2

If other tenants in a rental home (roommates) are breaking the law and the landlord has been informed but refuses to do anything about it, is the landlord breaking the law or does a tenant (who's not involved in the illegal activity) have any special power?

In particular if you move into a house and find the other tenants do a lot of drugs (and have photos/videos proving it) but most of the drugs are "light" such as marijuana. However they trash the house and make loud noise at 4am, house is filled with smoke, always intoxicated etc.

If relevant the tenants signed a lease saying they wouldn't do anything illegal.

6
  • You should be careful about rocking the boat unless you're ready to move quickly. Not sure about BC, but in Ontario, the scenario you describe makes you forfeit of most protections as a renter. The conditions here are: a) must have your own private entrance, b) must not share facilities such as kitchens, among other things. If either of these are true, you're a boarder, and at least here, you can be booted out with absolutely no notice.
    – user900
    Sep 26 '15 at 3:37
  • 1
    If your roommates are engaging in illegal activity, and you do not want to be exposed to this illegal activity, you should probably move out. It is a more certain way of removing yourself from the situation than trying to get some sort of enforcement imposed on the law breakers.
    – phoog
    Sep 26 '15 at 4:46
  • @ColleenV to what extent is what you say true? Landlords can be held responsible if illegal activity is going on in their property, even if it is the tenants who caused it.
    – Alex
    Sep 26 '15 at 8:07
  • @TechnikEmpire can you rephrase, I understand what you're saying but can't see the point? I didn't have a private entrance and shared the kitchen etc. with the two other tenants.
    – Alex
    Sep 26 '15 at 8:09
  • 1
    @Alex, can you please stop asking landlord/tenant questions without the british-columbia tag? these things are codified by the state/province, and you're not doing anyone a favour by omitting the jurisdiction of the question
    – cnst
    Sep 27 '15 at 5:52
5

Your landlord has an obligation to allow "quiet enjoyment" of the premises. Essentially this means that, unless they are damaging his or her property, the tenants are entited to act as though it were their own property.

Many people take drugs at home.

Between the tenants and the landlord this is not something the landlord is allowed to get involved in.

If you believe there is criminal activity going on, you can but are not obliged to report it to the police.

1
  • 1
    Sorry, this is wrong.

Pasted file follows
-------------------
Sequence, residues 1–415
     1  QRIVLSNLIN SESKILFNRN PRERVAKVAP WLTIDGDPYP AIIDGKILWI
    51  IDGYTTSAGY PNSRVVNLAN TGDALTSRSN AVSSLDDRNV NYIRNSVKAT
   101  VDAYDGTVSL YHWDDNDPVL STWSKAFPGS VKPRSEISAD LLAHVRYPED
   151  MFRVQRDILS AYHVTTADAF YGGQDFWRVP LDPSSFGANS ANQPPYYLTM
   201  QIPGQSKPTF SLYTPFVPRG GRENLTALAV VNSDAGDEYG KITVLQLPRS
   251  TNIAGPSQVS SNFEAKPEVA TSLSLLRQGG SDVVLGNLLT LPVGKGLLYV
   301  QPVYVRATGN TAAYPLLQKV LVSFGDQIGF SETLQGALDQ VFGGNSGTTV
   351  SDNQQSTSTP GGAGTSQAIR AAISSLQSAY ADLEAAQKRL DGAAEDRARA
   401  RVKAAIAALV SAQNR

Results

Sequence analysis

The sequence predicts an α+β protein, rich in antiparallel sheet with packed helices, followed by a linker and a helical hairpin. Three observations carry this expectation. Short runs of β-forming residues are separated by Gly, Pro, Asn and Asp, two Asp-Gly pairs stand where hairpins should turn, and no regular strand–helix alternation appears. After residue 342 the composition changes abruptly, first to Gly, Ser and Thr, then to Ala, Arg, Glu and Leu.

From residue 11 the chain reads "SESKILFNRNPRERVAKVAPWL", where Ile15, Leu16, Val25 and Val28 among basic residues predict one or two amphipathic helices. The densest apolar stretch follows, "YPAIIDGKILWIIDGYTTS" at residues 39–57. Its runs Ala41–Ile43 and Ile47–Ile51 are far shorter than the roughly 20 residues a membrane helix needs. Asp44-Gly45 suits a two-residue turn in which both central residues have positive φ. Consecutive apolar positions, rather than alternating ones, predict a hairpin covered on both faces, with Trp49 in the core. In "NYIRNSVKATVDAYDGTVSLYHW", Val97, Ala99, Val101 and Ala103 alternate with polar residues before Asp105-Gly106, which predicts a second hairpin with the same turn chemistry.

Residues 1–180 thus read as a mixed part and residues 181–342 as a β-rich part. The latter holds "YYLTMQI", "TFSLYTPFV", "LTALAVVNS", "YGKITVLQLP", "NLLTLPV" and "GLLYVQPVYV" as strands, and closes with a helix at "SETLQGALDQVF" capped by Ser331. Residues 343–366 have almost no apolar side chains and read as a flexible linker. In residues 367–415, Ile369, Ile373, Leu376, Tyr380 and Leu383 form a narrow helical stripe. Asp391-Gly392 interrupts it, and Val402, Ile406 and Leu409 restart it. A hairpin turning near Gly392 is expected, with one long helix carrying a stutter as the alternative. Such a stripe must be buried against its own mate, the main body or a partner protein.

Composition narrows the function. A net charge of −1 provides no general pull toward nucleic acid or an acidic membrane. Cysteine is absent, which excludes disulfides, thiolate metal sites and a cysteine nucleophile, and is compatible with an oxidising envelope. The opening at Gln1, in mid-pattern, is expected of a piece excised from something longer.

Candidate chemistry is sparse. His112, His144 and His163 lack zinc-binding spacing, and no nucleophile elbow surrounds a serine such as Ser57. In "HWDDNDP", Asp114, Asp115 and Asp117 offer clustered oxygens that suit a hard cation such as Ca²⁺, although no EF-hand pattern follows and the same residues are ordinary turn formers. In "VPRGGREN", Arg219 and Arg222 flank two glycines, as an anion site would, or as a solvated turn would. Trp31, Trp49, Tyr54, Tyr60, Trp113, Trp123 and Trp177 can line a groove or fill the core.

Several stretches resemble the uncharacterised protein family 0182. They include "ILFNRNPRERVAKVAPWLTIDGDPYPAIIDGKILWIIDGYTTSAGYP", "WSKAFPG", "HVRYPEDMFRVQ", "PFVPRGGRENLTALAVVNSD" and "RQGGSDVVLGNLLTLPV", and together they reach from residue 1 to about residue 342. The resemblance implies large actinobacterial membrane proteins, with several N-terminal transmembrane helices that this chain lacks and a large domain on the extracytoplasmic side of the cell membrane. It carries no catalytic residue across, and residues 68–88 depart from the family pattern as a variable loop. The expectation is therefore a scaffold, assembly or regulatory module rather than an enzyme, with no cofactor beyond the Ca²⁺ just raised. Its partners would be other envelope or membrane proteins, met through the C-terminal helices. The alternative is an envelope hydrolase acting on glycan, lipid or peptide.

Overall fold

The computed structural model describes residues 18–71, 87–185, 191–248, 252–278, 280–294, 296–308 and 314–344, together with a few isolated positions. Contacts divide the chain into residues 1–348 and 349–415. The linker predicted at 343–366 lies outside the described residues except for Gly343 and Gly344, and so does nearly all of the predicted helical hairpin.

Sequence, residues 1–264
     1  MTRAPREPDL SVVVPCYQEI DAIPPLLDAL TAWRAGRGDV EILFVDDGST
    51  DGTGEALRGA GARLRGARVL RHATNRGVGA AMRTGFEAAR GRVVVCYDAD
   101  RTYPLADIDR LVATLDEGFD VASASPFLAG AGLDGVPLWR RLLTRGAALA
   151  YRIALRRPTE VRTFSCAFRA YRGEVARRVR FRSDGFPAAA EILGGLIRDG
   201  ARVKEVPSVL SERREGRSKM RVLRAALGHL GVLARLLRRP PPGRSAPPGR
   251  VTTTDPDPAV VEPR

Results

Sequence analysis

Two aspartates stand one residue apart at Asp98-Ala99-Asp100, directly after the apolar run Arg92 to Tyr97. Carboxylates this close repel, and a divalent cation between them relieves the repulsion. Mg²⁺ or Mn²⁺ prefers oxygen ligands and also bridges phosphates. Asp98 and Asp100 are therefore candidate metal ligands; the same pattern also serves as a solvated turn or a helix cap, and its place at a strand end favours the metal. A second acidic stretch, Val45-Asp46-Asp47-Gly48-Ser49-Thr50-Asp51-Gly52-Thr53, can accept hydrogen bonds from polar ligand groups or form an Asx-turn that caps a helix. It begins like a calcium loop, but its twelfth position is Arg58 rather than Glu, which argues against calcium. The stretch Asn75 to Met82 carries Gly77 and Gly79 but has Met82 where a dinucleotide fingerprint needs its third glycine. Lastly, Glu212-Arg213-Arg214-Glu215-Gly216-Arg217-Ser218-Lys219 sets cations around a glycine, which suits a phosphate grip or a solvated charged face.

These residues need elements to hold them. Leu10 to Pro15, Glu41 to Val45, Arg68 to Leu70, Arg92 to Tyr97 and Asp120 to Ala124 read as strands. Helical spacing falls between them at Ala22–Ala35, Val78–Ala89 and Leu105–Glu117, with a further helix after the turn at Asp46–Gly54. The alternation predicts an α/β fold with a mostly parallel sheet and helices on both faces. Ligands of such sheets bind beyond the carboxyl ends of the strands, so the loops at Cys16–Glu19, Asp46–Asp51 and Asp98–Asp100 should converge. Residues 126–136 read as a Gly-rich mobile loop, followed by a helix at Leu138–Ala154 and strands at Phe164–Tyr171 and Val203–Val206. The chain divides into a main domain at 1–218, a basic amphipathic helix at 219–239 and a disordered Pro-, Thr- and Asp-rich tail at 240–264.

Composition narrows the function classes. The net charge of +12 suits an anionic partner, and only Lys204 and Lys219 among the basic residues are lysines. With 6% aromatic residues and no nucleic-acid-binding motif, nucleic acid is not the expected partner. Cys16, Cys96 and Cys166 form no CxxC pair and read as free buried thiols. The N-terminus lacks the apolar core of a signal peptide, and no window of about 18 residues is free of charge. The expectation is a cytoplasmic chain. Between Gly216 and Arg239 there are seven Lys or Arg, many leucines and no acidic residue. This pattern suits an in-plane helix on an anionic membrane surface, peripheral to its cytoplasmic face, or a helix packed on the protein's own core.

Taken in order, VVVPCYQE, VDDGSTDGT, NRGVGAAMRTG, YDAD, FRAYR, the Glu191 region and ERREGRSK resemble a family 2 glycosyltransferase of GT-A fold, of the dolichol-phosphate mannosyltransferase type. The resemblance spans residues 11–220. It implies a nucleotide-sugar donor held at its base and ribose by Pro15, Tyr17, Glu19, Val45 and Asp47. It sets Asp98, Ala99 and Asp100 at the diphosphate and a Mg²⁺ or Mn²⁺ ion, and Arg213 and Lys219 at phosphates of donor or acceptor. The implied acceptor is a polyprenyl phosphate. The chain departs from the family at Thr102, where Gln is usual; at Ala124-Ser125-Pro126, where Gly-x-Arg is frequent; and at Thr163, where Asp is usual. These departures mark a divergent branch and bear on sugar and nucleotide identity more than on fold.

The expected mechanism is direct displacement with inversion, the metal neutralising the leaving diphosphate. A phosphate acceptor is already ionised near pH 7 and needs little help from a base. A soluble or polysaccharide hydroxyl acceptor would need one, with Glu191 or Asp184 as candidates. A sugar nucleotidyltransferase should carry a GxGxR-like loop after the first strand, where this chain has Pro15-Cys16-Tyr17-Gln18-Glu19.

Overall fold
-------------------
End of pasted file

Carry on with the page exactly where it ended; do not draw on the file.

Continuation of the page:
– Alex
    Nov 6 '15 at 8:21
4

Your landlord is not a law enforcement official. When you think that a crime is taking place, inform the police.

3
  • That is ridiculous. That's like saying if you see someone run a stoplight that's breaking the law so call 911.
    – Alex
    Sep 26 '15 at 8:06
  • 3
    @Alex You shouldn't ask for advice and then shoot it down, it'll make people reluctant to help you. Philipp is right, the landlord can just turn a blind eye. However, if you can prove that him turning a blind eye cause you damages or grief, you can take him before the relevant tribunal and attempt to force a ruling ordering some repayment of rent. That's about your only option.
    – user900
    Sep 26 '15 at 8:33
  • I actually looked it up and the landlord does in fact have obligation to ensure quite enjoyment. So this answer is definitely wrong. Dec 2 '15 at 2:44
0

Landlords themselves don't like to decide who has to be booted out from their premises, because then the offender can sue the landlord for unfair discrimination.

If you're having noise issues at 4am, most cities across North America generally have noise ordinances. Again, it's not the landlord that has to enforce such ordinances, but the police. I've lived in a low-rise 1b/1ba apartment building where an adjacent neighbour thought he was living in a "house", and had a home theatre system going up all night; the solution was to notify the police on multiple occasions, only after which the landlord would have the option to terminate the lease of the offenders, or face paying a fine to the city. (The landlord office themselves suggested that I either have to call the police, or, if I want, they could terminate my own lease without a penalty, since they couldn't act on their own in the situation.)

Your options at this point would be to call the police in regards to the noise issues at 4am, and discuss with the landlord the option of moving out without a penalty since the provisions of your lease are not honoured. Unfortunately, it's a bit unrealistic to expect and require that the every landlord will initiate any other action in the situation.

2
  • can you be more specific as to what state your situation occurred in? Because a state like Texas for example, is pro-landlord and refuses to hold landlords accountable for the behavior of other tenants towards your quiet enjoyment.
    – Daniel
    May 28 '20 at 22:45
  • @Daniel The above story was in North Carolina. This all depends on state and local laws, obviously, as well as whether the landlord is in a long-term business to ensure the happiness of their customers.
    – cnst
    May 31 '20 at 16:53

Your Answer

By clicking “Post Your Answer”, you agree to our terms of service, privacy policy and cookie policy

Not the answer you're looking for? Browse other questions tagged or ask your own question.